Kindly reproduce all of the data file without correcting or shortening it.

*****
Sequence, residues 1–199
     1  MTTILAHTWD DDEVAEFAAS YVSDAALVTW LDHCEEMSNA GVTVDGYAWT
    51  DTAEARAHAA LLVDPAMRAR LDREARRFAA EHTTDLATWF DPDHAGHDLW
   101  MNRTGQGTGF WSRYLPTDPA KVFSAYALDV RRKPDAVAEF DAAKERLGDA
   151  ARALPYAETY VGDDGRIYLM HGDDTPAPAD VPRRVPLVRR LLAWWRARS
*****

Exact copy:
Sequence, residues 1–199
     1  MTTILAHTWD DDEVAEFAAS YVSDAALVTW LDHCEEMSNA GVTVDGYAWT
    51  DTAEARAHAA LLVDPAMRAR LDREARRFAA EHTTDLATWF DPDHAGHDLW
   101  MNRTGQGTGF WSRYLPTDPA KVFSAYALDV RRKPDAVAEF DAAKERLGDA
   151  ARALPYAETY VGDDGRIYLM HGDDTPAPAD VPRRVPLVRR LLAWWRARS